Pitt Street West – c 1885

A neat shot of Pitt Street West looking east. The sign for the “Monroe Gold Cure” is out in front of the Francois Baby House. Interesting to note the wooden plank sidewalks. This view has changed a bit in the last 130 years…

11 Comments:

  1. I love these types of pictures. They give so much feel to what the area was like back then.

    Thanks for sharing.

  2. I walk that stretch several times a week and it sure looked like a nice little town back then. What a concrete wasteland it has become !

  3. I noticed how the bolovard slopes down to the street and look at all the TREES!!!I think this shot is from the book Garden Gateway i’m curious as to what those objects at the curb on the road are

  4. Looking at that picket fence kind of gives the photo a Huck Finn Tom Sawyer kind of feel

  5. Those things by the curb almost look like sewer pipes or something like that. Sure looked peaceful.

  6. Linda that’s what I was thinking also

  7. Gary, you must have forgotten what city this was taken in. Look closer, see the stripes?

    Those are construction barrels lol

  8. you know Aaron I did notice one of them has what seems to have stripes on it and I thought …no it couldn’t be not way back then,but then like you say look what city it is LOL…but at least stucco hadn’t been invented yet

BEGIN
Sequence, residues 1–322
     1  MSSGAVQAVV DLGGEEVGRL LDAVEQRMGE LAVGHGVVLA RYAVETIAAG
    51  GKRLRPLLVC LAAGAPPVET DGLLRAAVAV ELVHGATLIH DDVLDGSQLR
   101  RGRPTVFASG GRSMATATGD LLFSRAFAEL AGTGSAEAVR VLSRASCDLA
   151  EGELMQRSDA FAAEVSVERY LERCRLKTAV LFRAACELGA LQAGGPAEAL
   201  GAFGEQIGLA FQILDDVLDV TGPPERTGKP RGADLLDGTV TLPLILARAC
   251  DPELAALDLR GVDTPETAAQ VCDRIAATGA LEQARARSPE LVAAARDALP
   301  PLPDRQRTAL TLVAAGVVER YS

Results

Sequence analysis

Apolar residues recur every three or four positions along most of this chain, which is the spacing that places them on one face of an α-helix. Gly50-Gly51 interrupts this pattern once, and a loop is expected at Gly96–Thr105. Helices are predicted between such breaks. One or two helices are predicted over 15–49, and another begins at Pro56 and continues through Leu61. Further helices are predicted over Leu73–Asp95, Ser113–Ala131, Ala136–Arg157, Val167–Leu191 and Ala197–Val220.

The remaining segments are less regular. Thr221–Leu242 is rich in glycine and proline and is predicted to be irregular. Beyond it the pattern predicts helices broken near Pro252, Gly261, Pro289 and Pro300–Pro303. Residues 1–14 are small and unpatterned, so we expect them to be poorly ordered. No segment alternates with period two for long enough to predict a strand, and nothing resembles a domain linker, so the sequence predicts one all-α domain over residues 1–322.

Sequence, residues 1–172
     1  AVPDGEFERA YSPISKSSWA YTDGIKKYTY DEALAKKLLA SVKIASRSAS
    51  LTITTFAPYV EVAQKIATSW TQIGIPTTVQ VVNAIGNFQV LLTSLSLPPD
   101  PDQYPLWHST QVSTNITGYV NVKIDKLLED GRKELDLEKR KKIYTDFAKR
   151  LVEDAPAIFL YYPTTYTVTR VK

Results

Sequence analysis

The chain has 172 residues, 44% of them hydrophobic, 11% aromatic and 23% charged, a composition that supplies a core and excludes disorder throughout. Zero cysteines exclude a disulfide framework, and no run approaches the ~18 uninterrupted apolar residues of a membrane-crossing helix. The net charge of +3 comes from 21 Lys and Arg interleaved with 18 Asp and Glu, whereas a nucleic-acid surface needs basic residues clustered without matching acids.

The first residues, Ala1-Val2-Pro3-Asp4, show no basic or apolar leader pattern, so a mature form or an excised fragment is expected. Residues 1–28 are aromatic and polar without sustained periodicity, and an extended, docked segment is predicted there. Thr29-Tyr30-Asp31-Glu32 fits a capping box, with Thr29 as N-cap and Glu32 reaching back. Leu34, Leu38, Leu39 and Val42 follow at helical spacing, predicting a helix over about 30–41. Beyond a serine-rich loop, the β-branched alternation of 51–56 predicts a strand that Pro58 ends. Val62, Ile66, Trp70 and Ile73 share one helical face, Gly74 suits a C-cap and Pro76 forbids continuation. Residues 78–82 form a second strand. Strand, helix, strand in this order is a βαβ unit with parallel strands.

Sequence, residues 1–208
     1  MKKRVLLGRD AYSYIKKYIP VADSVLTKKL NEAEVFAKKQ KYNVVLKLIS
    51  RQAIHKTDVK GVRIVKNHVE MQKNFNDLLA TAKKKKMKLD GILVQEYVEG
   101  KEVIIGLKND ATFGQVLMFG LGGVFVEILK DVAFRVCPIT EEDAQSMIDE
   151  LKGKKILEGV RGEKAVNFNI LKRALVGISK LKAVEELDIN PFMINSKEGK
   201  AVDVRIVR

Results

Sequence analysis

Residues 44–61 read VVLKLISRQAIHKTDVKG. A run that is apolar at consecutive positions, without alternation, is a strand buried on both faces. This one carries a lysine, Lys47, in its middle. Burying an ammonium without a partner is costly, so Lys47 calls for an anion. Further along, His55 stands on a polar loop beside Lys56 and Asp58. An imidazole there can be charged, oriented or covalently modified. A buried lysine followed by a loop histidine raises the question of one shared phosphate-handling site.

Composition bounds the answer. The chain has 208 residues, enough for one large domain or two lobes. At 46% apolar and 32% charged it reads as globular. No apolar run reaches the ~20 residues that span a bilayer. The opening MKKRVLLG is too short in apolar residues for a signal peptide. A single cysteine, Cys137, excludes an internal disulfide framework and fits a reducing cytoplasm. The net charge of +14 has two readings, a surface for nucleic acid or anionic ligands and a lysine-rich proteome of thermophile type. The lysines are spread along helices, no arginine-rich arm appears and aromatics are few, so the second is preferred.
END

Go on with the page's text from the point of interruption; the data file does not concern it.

9. That sure is a sign of times of life on the border in the 1880s.. The “Gold Cure” was a treatment for addictions, alcoholism, drugs (mainly morphine) and tobacco. The “cure” was created by a Dr. Leslie Keeley of Illinois and was also known as Keeley’s Cure. It became so widely promoted that it gave rise to many imitators including the “Monroe Gold Cure.” The woman partially in the left edge of the frame looks sturdy enough to keep addicts in line.

  10. In 2013 we marvel at how the city looked in this c 1885 photograph. Well, I wonder what the elderly woman in the left edge of the photograph thinks. She likely remembers earlier days when the back yard of the Baby house was in fact farmland with fruit trees and farm animals… and there was no Pitt Street!!

  11. Jesse Taylor-Vigneux

    Commenting on the objects on the curb:

    I zoomed in on my iPhone here and though thi he got distorted I think the objects may be for tieing up horses like the poles with hoops in certain parts of old Walkerville that are still there today.

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